What You Need to Know About Periodontal Disease Treatment

Your dentist or periodontist just told you that you have deep pockets around teeth and you need periodontal treatment. It is important for you to know about current opinions in the dental community regarding this treatment and what your options are.

The primary cause of periodontal disease is excessive plaque and calculus on the root of the tooth. Treating periodontal disease always involves treating the root surface, with the goal of removing as much plaque and calculus as possible. This can be performed in two ways. In the closed, non-surgical approach, the gums are left in place. In the open, surgical approach, the gums are lifted off the bone.

Typically, treatment begins with the least invasive approach, called non surgical scaling and root planning, sometimes called a deep cleaning. The patient is usually given local anesthesia so the gums are numb. Plaque and calculus are then removed from the root. Traditionally this has been performed with hand instruments and ultrasonic or piezoelectric devices.

Recently, laser treatment has been used in conjunction with scaling and root planing. Laser treatment has been approved for nonsurgical treatment by the FDA but it has not been approved by The American Academy of Periodontology. The research has not shown scaling and root planing with lasers to be more effective than traditional scaling and root planing.

There are landmark articles published in the 1980’s which show that 57% to 68% of calculus remains on the root surface when traditional scaling and root planning is used. In other words, a significant amount of calculus still remains on the root. This is because the dental professional cannot see or feel the residual calculus during treatment. Although the body can improve its health with traditional scaling and root planing or scaling and root planing in combination with laser treatment, a large part of the root is still contaminated with the cause of periodontal disease. Since these methods of treatment have limited results, periodontal surgery is still frequently needed to regain full heath.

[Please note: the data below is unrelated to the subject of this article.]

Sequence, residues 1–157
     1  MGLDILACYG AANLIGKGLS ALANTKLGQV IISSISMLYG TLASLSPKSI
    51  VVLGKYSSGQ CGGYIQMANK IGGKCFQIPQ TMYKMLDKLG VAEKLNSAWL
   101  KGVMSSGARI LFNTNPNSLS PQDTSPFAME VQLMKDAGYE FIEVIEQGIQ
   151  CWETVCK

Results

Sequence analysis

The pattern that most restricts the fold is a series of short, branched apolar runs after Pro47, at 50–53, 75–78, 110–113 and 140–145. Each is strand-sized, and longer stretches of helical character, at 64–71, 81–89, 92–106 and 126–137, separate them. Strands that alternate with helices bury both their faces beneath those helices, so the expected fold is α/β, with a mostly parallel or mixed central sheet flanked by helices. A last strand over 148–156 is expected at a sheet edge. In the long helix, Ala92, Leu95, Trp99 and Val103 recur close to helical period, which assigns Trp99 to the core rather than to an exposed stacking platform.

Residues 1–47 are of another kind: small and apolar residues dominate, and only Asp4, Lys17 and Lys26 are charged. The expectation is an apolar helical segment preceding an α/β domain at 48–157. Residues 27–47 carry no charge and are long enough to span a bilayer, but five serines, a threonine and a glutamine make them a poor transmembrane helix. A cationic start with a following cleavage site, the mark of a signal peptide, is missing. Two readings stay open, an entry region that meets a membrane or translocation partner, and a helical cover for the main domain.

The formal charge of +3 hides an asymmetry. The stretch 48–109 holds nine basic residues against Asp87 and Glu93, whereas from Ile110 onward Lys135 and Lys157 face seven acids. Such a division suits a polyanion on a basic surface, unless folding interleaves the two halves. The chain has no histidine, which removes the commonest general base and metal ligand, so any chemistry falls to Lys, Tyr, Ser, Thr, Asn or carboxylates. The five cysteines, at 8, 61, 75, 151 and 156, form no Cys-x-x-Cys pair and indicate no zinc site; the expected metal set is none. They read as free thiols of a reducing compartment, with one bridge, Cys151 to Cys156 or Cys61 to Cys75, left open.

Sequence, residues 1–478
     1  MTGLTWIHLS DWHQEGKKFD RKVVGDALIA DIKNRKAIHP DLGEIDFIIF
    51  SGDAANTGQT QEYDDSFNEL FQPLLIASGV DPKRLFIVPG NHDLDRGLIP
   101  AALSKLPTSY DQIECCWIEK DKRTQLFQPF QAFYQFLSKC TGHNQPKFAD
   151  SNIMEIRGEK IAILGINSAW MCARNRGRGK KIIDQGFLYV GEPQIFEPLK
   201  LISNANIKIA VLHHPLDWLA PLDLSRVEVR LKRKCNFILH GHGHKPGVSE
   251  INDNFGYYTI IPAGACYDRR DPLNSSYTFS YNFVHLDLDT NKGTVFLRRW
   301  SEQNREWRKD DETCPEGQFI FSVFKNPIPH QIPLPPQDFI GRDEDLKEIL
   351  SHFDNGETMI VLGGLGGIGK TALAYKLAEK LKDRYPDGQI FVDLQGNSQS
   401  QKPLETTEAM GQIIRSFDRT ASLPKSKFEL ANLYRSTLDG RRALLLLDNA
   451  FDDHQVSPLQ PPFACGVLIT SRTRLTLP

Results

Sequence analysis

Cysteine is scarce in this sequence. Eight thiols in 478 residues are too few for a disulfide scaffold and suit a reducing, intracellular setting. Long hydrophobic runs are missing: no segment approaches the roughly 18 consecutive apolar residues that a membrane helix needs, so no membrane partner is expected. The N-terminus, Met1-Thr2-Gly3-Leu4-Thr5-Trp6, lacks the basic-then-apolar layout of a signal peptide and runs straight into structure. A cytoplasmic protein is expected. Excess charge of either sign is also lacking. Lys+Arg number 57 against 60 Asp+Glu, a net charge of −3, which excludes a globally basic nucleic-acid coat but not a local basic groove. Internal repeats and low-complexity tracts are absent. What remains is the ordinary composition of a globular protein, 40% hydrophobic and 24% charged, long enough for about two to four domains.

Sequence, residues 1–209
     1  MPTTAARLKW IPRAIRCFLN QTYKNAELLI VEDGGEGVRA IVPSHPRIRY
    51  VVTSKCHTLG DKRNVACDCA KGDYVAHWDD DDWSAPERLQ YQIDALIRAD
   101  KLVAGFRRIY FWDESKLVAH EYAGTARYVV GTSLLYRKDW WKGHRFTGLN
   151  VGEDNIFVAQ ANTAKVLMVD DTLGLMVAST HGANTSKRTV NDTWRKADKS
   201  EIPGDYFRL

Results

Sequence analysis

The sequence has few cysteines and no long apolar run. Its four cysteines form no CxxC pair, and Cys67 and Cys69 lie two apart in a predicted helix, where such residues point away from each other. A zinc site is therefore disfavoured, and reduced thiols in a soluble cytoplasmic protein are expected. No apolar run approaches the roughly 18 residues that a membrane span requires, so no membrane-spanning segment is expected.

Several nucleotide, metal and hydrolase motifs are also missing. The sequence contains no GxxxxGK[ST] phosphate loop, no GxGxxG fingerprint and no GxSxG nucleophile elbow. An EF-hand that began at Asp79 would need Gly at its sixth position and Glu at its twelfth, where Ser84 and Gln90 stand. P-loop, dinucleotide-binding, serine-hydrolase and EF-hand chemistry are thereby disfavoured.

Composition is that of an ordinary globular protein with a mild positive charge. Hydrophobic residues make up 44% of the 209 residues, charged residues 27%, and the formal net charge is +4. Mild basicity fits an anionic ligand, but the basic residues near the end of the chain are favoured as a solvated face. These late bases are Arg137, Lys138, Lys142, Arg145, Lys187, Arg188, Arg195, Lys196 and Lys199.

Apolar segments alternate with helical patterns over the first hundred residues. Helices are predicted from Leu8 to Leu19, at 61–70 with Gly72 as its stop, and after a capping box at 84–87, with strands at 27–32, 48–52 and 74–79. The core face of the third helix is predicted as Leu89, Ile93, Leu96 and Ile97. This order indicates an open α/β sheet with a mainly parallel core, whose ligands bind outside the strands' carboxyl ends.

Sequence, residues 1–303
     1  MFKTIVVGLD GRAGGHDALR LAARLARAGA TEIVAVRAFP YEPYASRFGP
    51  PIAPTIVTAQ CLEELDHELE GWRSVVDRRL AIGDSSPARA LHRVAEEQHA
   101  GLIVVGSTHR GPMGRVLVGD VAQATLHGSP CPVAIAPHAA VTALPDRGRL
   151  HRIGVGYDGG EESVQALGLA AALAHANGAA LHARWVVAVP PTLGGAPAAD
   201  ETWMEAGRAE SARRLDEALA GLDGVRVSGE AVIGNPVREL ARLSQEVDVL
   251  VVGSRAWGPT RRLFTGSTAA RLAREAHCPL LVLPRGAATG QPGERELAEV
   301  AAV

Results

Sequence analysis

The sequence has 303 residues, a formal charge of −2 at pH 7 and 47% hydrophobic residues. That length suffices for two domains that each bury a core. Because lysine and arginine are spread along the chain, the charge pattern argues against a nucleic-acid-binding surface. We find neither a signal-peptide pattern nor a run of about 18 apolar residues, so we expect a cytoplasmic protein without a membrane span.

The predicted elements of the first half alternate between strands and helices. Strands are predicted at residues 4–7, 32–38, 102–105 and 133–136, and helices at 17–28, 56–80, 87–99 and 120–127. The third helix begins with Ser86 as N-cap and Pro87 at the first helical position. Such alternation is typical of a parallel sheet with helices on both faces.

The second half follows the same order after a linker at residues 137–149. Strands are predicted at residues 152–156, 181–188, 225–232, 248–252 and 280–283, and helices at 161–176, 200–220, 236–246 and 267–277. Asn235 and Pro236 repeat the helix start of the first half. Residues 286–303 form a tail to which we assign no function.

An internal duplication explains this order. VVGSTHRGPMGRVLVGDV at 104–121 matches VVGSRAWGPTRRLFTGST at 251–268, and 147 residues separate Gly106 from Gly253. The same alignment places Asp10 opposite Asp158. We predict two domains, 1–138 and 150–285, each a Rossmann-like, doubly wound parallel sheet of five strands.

Wouldn’t it be great if there was a closed, non-surgical procedure in which the root can be seen under the gum and most, if not all, of the calculus could be removed? Over the past year I have been using my microscope for scaling and root planing. I have significantly greater vision and illumination and can see down the small space between tooth and gum tissue. I can now remove calculus that would have been left behind with traditional methods. This has resulted in outstanding reduction and even elimination of deep pockets, without the need for surgery. My patients have been thrilled with this new technique. Who wouldn’t be happy with the possibility of avoiding gum surgery?

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